Former South Korean Navy SEAL turned YouTuber who threatened prison time to leave Seoul and fight for Ukraine who says it would be a “crime” not to use his skills to help.
Ken Rhee, a former war specials officer, signed at the Ukrainian Embassy in Seoul the moment President Volodymyr Zelensky called for global volunteers and was fighting on the front lines near Kyiv in early March.
To get there, he had to break South Korean law – Seoul banned its citizens from traveling to Ukraine, and Rhee was met by 15 police officers, who were injured in a fall while in command of a special operations patrol there. , at the airport when he returned. .
But the veteran veteran, who owns a YouTube channel with 700,000 followers and documented many of his experiences in Ukraine on his popular Instagram account, says he has no regrets.
“You are walking down the beach and you see a sign by the water saying ‘no swimming’ – but you see someone drowning. It is a crime not to help. That’s how I see it, “he told AFP.
Rhee was born in South Korea but raised in the United States. He attended the Virginia Military Institute and planned to join the US Navy SEALS, but his father – a “patriot”, he says – persuaded his son to return to South Korea to enlist.
He served for seven years, undergoing SEAL training in both the US and Korea and doing several stints in war zones in Somalia and Iraq before leaving to set up defense consultancy.
“I have the skill set. I have the experience. I was in two different wars, and going to Ukraine, I knew I could help, “he said, adding that he believed that the violation of South Korean passport law was equivalent to a” traffic violation “. .
Gaming in Korea –
But the response in South Korea – where Rhee rose to fame as a trainer in the popular YouTube series “Fake Men” – was swift and relentless.
“It simply came to our notice then. People in Korea have criticized me for breaking the law, ”said Rhee.
His critics claim the 38-year-old’s decision was criminally irresponsible, and focus on the piece of war he posted on his YouTube and Instagram accounts as evidence of demonstrations.
Rhee says he tries not to let the unrest get the better of him. “I think it’s pretty clear who the good people are and who the bad ones are,” he said of Russia and Ukraine.
On his first day on the front line in Irpin – which he calls “the Wild West” and “chaos” – he says he saw Russian war crimes.
“I saw a civilian being shot. He was driving… and they shot him through the windshield and he died in front of us, ”he said.
“It simply came to our notice then. There are certainly war crimes going on. It reminded me and my partners of what we were doing and why we were there, ”he said.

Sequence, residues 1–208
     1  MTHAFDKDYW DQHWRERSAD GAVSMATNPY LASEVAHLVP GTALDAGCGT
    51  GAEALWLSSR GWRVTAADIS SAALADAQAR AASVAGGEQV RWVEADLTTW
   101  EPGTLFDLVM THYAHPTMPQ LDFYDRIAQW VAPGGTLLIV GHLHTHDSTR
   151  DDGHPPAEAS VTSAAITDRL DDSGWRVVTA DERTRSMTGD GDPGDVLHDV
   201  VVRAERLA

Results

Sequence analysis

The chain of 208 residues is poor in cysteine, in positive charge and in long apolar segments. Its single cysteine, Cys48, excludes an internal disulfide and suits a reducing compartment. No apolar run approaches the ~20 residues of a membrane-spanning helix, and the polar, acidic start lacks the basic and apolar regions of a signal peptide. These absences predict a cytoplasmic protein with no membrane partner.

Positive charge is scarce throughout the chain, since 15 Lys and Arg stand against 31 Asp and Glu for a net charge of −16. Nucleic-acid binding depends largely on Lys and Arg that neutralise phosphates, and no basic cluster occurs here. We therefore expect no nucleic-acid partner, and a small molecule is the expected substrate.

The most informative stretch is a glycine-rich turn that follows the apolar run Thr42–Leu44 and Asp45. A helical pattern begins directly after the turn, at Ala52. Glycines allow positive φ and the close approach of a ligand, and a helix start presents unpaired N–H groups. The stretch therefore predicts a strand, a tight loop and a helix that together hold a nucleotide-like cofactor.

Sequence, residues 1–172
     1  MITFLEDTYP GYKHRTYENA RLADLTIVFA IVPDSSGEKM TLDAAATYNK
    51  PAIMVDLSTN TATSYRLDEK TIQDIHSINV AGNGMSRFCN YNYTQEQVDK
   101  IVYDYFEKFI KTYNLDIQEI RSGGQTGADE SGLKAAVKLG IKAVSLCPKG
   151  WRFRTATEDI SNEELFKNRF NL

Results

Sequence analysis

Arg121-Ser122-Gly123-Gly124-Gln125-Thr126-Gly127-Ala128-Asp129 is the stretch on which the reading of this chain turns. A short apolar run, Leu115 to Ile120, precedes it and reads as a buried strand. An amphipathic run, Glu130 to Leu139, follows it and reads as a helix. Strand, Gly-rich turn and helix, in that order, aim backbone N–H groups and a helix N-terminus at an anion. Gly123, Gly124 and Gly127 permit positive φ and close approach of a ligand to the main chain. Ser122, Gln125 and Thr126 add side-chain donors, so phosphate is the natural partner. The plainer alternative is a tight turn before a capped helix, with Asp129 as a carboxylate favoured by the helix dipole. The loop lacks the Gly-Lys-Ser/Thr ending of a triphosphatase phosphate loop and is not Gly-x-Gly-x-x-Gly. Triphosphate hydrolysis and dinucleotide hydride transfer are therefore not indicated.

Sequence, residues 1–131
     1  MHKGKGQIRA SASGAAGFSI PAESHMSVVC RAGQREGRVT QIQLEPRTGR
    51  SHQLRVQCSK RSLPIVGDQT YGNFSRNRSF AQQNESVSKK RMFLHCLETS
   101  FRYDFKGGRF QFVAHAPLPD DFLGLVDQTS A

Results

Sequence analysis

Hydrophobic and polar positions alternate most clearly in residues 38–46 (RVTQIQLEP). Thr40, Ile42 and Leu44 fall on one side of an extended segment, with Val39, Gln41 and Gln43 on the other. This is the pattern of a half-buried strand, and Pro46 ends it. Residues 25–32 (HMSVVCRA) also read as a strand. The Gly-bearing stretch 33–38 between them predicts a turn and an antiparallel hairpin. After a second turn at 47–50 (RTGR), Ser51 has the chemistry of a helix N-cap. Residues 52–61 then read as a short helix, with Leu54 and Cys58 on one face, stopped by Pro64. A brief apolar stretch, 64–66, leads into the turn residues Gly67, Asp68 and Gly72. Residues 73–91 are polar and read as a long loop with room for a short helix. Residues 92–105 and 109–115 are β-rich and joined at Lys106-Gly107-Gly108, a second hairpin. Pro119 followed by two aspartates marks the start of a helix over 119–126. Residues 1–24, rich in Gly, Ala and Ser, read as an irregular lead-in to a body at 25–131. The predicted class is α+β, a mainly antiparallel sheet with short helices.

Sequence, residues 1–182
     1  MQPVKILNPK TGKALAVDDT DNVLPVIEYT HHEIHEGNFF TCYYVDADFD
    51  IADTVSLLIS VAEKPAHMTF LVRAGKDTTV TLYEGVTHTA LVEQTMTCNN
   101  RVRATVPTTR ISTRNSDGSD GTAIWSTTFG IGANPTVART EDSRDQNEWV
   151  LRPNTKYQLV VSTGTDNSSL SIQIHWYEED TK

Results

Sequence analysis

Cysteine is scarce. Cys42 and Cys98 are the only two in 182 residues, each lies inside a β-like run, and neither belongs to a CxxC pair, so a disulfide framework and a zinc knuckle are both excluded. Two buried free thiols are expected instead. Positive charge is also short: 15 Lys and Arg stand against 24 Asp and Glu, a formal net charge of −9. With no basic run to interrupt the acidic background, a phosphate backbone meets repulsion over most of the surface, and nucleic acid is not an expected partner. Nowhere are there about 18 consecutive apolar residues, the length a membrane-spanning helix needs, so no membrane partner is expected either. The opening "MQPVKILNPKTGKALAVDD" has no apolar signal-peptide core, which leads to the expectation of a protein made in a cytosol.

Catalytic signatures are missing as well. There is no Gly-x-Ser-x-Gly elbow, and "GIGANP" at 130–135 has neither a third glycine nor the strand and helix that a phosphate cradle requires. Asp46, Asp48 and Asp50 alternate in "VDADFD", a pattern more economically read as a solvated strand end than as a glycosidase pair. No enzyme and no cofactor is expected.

Because of his military training, Rhee was told to set up his own team, so he recruited other volunteers with combat experience and set up a multinational special operations group.
“I was eating Canadian MREs. My gun was from the Czech Republic. I have a Javelin missile from the United States. I have a rocket from Germany… but nothing from Korea, ”he said.
He tried to take off his Korean-made night vision goggles but the government was not given an export permit. Seoul provided non-lethal assistance to Kyiv, but Rhee said they could do more.
“Korea they have excellent equipment… they are very good at making weapons, ”he said.
‘I’ll see you in Taiwan’
Russia said earlier this month that 13 South Koreans had traveled to Ukraine – including four killed. Seoul said it wanted to verify the claims.
Although Rhee did not know the fate of all his teammates, he said “many of my friends have died”.
“I do not want my friends’ sacrifices to be forgotten,” he said, adding that he intends to write a book – and perhaps a film script – about his team’s experience.
But first, he has to deal with the official consequences of his trip. He is quietly optimistic that he will not be imprisoned by the new conservative administration of South Korea.
Rhee is not allowed to leave the country until her case is resolved, and she is being treated for her injuries. But he hopes to one day fight with his partners again, for a reason they believe in.
The joke as people left the front line was: “You’ll see you in Taiwan,” he said, referring boldly to the danger that Beijing would continue to lead Moscow’s and invade democracy in the neighborhood.
South Korean ex-SEAL has no Ukraine regrets Source link South Korean ex-SEAL has no Ukraine regrets